ACANS News & Information Center
Jennifer Villa Documenting O’Donnell Hall’s Renovation
O’Donnell Hall, home of the College of Education, was built in 1968. It was named after William B. O’ Donnell, who was a former professor and dean of that college. Additionally, O’Donnell was dean of students, and from 1959 through 1968, he was vice president of NMSU.
In the almost 30 years since its construction, the needs of the college have expanded. As one of the fastest growing colleges at NMSU, the College of Education has an enrollment of 1,700 undergraduate and 1,000 graduate students. Jennifer Villa, Director of the of the Learning Resource Center for the College of Education, says, “We were bursting at the seams. It (O’Donnell Hall) is not a big enough building for our entire college.”
When voters approved Bond Issue B in November 2004, NMSU was awarded approximately $9.5 million for renovations to O’Donnell Hall. New Mexico State University appropriated an additional $2.5 million toward that project, bringing the total to $12 million. Phase One of the project is renovation of the existing building and upgrading its technological capabilities. Phase Two of the project is the addition of 30,000 square feet. And Phase Three, which has not yet been funded, may include the addition of a science, math, and technology wing, or may to used to house the Special Education and Communication Disorders programs. These programs are currently housed in the Speech Building.
On August 28, 2006, the building was turned over to contractors, and Phase One and Two of project got underway. “Originally,” states Villa, “we thought we were going to stay in the building while renovations and construction was going on, but we found out in February that the university could save about $1 million if we vacated the building. As soon as we found out we were going to be displaced, we started going around ‘hat in hand’ to all the deans on campus asking for space.”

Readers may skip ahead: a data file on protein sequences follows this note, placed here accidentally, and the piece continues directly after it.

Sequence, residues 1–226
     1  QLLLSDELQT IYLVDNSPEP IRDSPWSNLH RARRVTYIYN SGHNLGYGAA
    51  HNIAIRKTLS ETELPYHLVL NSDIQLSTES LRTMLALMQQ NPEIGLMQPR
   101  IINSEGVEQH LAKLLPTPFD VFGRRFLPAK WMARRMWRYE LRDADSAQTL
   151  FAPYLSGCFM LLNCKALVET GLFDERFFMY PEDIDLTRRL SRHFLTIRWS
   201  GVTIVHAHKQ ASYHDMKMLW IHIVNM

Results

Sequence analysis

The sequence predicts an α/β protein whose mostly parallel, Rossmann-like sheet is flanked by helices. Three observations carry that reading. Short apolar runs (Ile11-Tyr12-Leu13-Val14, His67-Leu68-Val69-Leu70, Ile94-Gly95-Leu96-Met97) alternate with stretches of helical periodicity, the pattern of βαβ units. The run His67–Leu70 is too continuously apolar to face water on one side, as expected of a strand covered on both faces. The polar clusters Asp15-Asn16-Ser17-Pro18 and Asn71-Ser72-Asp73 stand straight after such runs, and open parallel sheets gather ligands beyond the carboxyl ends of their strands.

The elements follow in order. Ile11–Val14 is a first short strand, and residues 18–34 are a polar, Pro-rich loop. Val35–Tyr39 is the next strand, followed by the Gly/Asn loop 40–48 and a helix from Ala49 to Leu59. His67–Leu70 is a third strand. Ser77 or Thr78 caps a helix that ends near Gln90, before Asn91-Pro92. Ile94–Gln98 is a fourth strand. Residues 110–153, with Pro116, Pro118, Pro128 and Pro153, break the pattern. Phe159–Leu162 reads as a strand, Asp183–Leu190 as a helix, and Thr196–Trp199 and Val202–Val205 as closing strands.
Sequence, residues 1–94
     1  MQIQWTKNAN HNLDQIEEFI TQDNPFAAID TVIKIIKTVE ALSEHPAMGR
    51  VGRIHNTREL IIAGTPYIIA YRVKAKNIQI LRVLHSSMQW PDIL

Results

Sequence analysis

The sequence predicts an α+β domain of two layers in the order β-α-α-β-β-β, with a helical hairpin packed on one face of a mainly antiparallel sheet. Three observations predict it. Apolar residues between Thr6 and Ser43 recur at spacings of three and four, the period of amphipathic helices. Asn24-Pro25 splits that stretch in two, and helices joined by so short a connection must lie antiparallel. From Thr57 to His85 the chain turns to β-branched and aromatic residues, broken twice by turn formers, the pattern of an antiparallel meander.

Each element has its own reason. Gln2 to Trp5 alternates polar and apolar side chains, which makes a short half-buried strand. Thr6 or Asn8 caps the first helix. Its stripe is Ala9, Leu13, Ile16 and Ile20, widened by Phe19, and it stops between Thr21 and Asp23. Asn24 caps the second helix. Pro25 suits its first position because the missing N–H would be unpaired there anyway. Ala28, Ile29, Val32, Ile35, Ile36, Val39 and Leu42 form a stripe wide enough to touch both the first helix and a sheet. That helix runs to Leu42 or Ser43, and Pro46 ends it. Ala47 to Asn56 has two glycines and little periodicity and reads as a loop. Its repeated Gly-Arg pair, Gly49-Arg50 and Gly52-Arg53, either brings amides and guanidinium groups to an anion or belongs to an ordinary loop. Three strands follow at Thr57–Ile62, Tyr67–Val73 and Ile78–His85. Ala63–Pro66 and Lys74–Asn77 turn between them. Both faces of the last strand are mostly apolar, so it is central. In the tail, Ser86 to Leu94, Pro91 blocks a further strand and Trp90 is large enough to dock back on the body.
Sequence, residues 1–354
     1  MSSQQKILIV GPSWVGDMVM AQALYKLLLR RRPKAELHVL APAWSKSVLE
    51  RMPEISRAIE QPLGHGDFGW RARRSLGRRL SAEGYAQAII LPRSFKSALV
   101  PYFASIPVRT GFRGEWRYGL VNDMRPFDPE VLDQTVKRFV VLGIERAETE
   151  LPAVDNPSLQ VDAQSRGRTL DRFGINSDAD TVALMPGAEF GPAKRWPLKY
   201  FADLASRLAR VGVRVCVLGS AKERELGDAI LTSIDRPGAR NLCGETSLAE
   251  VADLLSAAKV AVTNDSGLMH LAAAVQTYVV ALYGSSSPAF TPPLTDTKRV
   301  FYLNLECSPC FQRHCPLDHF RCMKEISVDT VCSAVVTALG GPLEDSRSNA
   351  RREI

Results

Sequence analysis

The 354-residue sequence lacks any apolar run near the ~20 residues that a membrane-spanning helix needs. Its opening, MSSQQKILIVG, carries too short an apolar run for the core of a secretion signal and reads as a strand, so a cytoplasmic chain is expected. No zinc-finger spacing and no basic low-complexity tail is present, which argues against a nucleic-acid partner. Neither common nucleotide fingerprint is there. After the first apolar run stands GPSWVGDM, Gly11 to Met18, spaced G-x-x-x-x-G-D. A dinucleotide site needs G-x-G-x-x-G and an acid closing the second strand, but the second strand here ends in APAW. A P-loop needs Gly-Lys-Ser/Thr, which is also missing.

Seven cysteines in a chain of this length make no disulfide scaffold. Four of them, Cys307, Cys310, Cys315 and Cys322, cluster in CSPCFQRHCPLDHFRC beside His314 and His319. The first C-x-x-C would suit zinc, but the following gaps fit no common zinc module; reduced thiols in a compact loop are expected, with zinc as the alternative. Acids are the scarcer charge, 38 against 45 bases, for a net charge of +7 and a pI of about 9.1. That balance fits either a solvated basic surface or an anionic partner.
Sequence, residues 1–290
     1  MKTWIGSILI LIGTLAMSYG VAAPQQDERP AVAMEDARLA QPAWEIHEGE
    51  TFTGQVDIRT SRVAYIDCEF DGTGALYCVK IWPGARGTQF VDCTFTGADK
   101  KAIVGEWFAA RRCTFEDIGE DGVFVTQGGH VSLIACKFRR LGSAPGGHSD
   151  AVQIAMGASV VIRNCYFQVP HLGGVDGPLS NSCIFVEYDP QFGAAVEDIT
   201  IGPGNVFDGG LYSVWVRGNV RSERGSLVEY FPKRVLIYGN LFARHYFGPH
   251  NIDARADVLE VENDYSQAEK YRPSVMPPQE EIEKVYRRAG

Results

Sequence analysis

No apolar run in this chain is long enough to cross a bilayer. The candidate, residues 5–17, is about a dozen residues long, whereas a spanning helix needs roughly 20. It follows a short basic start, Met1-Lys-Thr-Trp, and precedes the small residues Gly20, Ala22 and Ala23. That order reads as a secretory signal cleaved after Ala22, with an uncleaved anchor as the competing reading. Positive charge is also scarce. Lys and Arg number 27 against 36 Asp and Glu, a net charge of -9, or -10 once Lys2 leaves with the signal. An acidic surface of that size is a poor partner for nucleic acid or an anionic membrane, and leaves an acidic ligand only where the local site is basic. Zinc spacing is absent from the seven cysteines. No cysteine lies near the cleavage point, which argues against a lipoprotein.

“We are all over campus,” states Villa, and a Location Map on the college’s homepage attest to that fact. It pinpoints the many locations that are now home to the various College of Education departments. “The library was very generous and gave us enough space for our administrative offices. ” The Dean ’s office and Educational Research and Budgeting are located on the first floor of Branson Library. The Learning Resource Center is located on the second floor of Branson Library. Distance Education and Academic Advising are located on the second floor of Zuhl Library. Most of the faculty from the Departments of Counseling and Educational Psychology, Curriculum & Instruction, and Educational Management and Development are housed in Regents Row.
Deborah Gouldsmith, Assistant Advisement Services Coordinator, advises freshman education majors Victoria Eickerman and Aleigh Corbett, from left.
Among others who gave the College of Education temporary space are the Colleges of Agricultural and Home Economics and Engineering. “Although most of our faculty has moved to offices in Regents Row, a few of them have offices in the College of Agricultural and Home Economics. The College of Health and Social Sciences provided us classroom space that we are using to teach most of our technology classes. This arrangement works out well because most of their (Health and Social Sciences) classes are offered in the day, and most of our classes are offered in the evening. Engineering gave us a suite of rooms in Jett Hall, which currently houses our digital media lab. It is a big obligation to give space up for two years,” states Villa.
The renovation of O’Donnell Hall is expected to take 16 months, which according to Villa, means it could be completed in January 2008. In the meantime, says Villa, “Students are starting to find us, especially since they have projects due soon.”
As coordinator of the move, Villa has been keeping up to date with the renovation of O’Donnell Hall. “ About once a week,” she says, “I go out and take a picture of the progress being made. And a few weeks ago, I got a tour of the building. It is going to be gorgeous. The windows on the third floor have been framed, and the view is spectacular.” Below is an architectural rendering of the proposed renovations and addition of O’Donnell Hall.
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